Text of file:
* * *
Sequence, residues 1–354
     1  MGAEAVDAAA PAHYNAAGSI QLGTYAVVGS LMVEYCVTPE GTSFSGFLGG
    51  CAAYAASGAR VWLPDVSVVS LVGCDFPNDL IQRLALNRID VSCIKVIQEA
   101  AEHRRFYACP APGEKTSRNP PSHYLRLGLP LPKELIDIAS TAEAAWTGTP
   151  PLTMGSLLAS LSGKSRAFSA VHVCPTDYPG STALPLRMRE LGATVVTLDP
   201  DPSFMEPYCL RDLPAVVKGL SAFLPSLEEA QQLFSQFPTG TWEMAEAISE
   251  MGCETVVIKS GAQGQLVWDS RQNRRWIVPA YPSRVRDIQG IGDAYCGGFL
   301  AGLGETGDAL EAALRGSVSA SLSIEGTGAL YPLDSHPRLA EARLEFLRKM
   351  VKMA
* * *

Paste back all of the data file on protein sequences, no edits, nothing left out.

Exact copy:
Sequence, residues 1–354
     1  MGAEAVDAAA PAHYNAAGSI QLGTYAVVGS LMVEYCVTPE GTSFSGFLGG
    51  CAAYAASGAR VWLPDVSVVS LVGCDFPNDL IQRLALNRID VSCIKVIQEA
   101  AEHRRFYACP APGEKTSRNP PSHYLRLGLP LPKELIDIAS TAEAAWTGTP
   151  PLTMGSLLAS LSGKSRAFSA VHVCPTDYPG STALPLRMRE LGATVVTLDP
   201  DPSFMEPYCL RDLPAVVKGL SAFLPSLEEA QQLFSQFPTG TWEMAEAISE
   251  MGCETVVIKS GAQGQLVWDS RQNRRWIVPA YPSRVRDIQG IGDAYCGGFL
   301  AGLGETGDAL EAALRGSVSA SLSIEGTGAL YPLDSHPRLA EARLEFLRKM
   351  VKMA